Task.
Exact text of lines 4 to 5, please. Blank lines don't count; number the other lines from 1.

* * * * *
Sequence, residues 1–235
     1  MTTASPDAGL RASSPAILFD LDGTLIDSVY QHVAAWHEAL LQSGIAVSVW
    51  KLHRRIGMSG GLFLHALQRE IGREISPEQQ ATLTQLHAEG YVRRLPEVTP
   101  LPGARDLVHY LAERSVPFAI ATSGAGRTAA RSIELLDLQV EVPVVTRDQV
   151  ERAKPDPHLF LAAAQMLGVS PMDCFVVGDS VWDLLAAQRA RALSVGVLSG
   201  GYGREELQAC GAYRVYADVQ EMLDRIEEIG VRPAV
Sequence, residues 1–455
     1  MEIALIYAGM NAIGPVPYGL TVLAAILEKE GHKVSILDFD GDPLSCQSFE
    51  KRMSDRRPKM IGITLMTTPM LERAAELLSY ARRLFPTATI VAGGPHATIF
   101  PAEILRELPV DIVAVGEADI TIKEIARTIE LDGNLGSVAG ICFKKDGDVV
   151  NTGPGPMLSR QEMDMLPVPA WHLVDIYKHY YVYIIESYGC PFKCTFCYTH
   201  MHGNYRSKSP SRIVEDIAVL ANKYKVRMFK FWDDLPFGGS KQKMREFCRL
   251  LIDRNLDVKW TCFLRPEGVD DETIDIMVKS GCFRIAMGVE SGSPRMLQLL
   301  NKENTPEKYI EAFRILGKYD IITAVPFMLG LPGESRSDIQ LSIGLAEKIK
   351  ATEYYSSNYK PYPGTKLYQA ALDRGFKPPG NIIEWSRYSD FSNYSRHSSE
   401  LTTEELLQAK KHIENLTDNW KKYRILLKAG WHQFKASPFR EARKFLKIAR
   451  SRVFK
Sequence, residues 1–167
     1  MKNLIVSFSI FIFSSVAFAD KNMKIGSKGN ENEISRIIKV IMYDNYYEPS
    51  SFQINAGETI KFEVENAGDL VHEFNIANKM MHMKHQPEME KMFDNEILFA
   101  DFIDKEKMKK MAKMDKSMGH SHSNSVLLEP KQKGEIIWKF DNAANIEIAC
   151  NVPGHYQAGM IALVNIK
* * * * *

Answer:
   101  LPGARDLVHY LAERSVPFAI ATSGAGRTAA RSIELLDLQV EVPVVTRDQV
   151  ERAKPDPHLF LAAAQMLGVS PMDCFVVGDS VWDLLAAQRA RALSVGVLSG